Nobody seriously believes Jeremy Corbyn is an anti-Semite. For all the furious digging by his opponents, no-one has found a single piece of evidence suggesting he has ever held racist views about Jewish people or anyone else.
Yet the allegations about Corbyn's links to anti-Semites refuse to go away. With the passing of almost every day comes yet more examples of his appearances alongside various figures with questionable views and pasts.
As the allegations have continued, the reaction of most Corbyn supporters has been to simply ignore it.
There are several possible reasons for this. Outside of parts of London and Manchester, anti-Semitism is not something that features in most people's everyday lives, simply because there aren't that many Jewish people to be anti-Semitic about. Growing up, as I did, in a London borough with almost no synagogues and where the Jewish population numbered in the hundreds, I struggle to think of even one occasion where I have heard someone make an anti-Semitic statement, whereas I have heard many people make racist comments about Muslim or black people over the years. For many non-Jewish people born in the post-war era, the problem of anti-Semitism was largely assumed to have been solved in the UK. Partly as a result of this, the claims against Corbyn are not treated as seriously as they would have been, had he appeared on the same stage as members of the National Front or the EDL.
Yet just because you don't personally see something, doesn't mean it isn't there. In fact anti-Semitism remains a real problem in the UK, with the Community Security Trust reporting that anti-Semitic incidents were at an all time high last year, with the rise of social media providing more platforms than ever for anti-Semitic bigots.
So far Corbyn's main response to the allegations against him has been to say that he is prepared to meet with people 'of all faiths and beliefs' in tackling the problems in the Middle East. This may well be true, but if you're a Jewish person who receives anti-Semitic comments on Twitter daily, or a worshipper who recently had a brick thrown through the window of their synagogue, Corbyn's explanation will provide little comfort.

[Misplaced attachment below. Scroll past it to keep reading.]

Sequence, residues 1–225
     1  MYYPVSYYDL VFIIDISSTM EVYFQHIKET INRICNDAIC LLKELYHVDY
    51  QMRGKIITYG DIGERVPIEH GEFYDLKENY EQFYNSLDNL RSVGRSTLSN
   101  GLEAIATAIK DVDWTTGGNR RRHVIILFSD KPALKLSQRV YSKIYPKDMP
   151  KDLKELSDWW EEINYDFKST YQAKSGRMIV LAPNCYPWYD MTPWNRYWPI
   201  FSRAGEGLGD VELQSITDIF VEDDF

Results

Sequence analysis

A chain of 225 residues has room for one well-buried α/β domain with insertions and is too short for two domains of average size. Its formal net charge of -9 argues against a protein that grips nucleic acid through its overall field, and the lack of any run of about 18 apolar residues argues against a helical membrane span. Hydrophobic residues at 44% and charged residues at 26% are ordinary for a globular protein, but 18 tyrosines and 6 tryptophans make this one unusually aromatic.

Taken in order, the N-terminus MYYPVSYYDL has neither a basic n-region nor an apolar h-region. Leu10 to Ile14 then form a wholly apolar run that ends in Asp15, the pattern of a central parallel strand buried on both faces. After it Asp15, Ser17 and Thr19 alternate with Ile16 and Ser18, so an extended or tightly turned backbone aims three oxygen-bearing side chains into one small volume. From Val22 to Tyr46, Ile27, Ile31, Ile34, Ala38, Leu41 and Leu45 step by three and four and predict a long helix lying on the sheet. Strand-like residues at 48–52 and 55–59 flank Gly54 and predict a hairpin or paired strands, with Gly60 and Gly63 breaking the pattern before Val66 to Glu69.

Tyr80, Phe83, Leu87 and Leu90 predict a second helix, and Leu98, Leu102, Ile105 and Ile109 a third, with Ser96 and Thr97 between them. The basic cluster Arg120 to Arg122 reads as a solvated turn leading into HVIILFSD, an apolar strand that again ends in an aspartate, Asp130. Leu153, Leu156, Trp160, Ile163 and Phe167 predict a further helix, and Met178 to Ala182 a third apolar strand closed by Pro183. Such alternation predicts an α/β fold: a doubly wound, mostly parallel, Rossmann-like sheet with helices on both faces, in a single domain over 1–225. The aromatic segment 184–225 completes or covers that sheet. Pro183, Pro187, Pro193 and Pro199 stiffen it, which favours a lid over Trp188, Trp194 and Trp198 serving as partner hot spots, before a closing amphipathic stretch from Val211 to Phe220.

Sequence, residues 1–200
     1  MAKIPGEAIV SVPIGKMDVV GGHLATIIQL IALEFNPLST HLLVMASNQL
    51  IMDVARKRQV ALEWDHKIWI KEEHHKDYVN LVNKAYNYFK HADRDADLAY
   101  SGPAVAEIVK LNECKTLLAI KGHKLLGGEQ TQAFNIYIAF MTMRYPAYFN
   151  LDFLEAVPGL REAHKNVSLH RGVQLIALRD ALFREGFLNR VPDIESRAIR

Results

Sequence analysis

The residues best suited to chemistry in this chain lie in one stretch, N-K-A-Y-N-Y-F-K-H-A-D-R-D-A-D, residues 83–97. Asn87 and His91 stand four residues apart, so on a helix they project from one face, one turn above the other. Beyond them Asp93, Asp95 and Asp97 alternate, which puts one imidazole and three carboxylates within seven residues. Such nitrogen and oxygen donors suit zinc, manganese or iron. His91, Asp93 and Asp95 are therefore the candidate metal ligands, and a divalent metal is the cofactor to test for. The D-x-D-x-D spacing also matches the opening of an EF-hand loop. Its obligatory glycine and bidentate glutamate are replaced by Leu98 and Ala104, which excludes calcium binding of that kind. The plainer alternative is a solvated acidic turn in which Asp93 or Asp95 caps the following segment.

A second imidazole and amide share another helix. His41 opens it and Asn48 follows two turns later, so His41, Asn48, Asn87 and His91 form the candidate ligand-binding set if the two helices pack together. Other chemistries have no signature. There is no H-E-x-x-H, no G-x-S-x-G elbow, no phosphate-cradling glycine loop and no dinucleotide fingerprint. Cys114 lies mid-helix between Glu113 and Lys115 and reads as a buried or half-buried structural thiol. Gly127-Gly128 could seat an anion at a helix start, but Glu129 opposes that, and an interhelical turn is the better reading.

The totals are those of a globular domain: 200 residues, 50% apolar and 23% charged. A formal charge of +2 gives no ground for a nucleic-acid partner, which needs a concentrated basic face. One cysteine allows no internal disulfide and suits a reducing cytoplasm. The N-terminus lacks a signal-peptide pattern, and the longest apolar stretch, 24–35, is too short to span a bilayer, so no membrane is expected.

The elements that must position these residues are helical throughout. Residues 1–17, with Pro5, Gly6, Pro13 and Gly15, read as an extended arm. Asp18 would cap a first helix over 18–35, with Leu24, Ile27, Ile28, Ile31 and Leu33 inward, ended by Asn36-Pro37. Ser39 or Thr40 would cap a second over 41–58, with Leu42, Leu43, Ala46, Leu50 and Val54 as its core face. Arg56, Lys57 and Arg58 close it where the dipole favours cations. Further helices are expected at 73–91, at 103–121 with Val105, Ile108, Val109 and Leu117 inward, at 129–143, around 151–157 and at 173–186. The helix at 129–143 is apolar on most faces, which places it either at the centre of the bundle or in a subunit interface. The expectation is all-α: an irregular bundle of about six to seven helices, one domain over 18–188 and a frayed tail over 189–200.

The other response by Corbyn's supporters has been to dismiss the claims based on where they are coming from. The understandable suspicion of his backers is that attempts to ask questions about Corbyn's links to anti-Semites are attempts to smear him by association. In many ways this suspicion is well-founded. If Corbyn is elected, his associations with 'extreme' figures will be used repeatedly and mercilessly against him. Labour's opponents will try to plant the idea in voters' minds that Corbyn shares each and every view of every Islamic preacher, or far-left figure, he has ever sat beside. And these questions about his tolerance of people with anti-Semitic views will not just be restricted to the pages of the Jewish Chronicle. They will be on the front page of every Corbyn-opposing newspaper in the country (that's pretty much all of them by the way).
But when this happens – and it will – it will not be enough for his supporters to simply dismiss it as a "smear campaign by the right-wing press". Rightly or wrongly, Corbyn's reputation will be in the dirt before most voters even hear him speak. The battle to define him will be won by his opponents before it has even begun.
We know this because we have been here before. When Ken Livingstone's opponents sought to oust him from office as mayor of London, claims of links to anti-Semitic preachers were used as part of a wider campaign to portray him as a dangerous figure with dangerous views, who should be rejected in favour of the more unifying figure of Boris Johnson. Like now, Livingstone and his supporters went through the same stages of denial as Jeremy Corbyn has. At first the claims were ignored, then they were dismissed with a generic statement confirming his non-racism and then finally his supporters resorted to attacking the questioners as being part of the right-wing 'media smear machine'. And then, of course, Boris won.
The temptation for Corbyn is to also attempt to brush over these allegations. The fear among Ken's camp then, as among Corbyn's camp now, is that once you start engaging in these types of questions, you risk legitimising them and then facing a barrage of similar questions. This fear may be justifiable, but the alternative – of ignoring or dismissing the claims – is far worse. By taking this approach, not only do you amplify the questions, you also plant the idea in voters' minds that either the suggestions of anti-Semitic sympathies against you are true, or that you simply don't care about them.
The longer Corbyn goes without seriously tackling these questions, the greater the damage will be both to him and the Labour party.
Nobody seriously believes the MP for Islington North is an anti-Semite, but how he tackles these allegations is crucial to whether the British public ever see him as a credible leader. Either Corbyn deals with these questions now or, ultimately, they are going to deal with him.